On April 26, 2011, there will be a special election to fill an at-large seat on the D.C. Council. As you might now, the D.C. government is not known for being the most effective governing body around. Thankfully we have made some progressive strides, such as passing our gay marriage law last year. However, these were contentious votes and we need more progressive voices on the Council. D.C. should be an example to the rest of the country.
I am leading an effort to draft Bryan Weaver to run for D.C. Council. Bryan has worked in progressive politics for years, he is a former staffer for the late Sen. Paul Wellstone. His wife, Maria Cardona is a leading voice in Democratic politics. He ran a well received underdog campaign for D.C. Council last year. Bryan's main focus now is on at-risk youth and he runs a non-profit called Hoops Sagrado that uses basketball to teach leadership skills.
This draft campaign has gotten media attention from the Washington Post and various other local outlets. But we need to raise some money. We need to show that this would be viable in the event Bryan decides to run. We're using ActBlue to raise funds, and I urge anyone and everyone to consider chipping in a buck or two. We've got a lot of first-time political activists working on this, and if we could raise just a few thousand dollars it would go a long way to showing our movement has some steam.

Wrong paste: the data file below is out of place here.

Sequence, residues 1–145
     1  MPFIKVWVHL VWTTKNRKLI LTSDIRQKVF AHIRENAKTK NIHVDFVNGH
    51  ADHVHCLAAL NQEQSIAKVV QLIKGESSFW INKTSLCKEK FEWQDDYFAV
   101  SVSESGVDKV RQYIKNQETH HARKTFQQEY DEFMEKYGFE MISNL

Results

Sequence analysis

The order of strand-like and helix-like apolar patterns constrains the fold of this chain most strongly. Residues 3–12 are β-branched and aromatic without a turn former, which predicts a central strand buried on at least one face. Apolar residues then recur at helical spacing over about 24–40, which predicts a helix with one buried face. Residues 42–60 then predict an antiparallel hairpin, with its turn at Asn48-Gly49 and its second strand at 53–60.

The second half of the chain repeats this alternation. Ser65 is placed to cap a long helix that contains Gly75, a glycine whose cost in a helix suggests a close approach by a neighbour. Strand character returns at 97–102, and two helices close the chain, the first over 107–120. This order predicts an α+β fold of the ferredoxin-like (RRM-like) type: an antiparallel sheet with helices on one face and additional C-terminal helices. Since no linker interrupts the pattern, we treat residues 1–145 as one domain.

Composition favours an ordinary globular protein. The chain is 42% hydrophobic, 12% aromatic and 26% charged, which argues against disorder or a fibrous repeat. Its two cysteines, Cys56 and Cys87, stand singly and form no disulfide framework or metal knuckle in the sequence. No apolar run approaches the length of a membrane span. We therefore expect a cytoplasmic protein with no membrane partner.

Last week, the D.C. Democratic State Committee made a temporary appointment to fill the vacancy. This process has been criticized far and wide as being undemocratic. The D.C. DSC had promised the vote would be open, and not conducted with a secret ballot. Ultimately, though, the results were not made public. You can see more about that process here. Seventy-four people, many long-time political insiders were able to select who would represent 600,000 residents on the D.C. Council. There was literally backroom deals being made at the meeting, with the door shut in the face of Washington Post reporters who wanted to observe.
We're working hard here in D.C. to chip away at the status quo. We could use your help.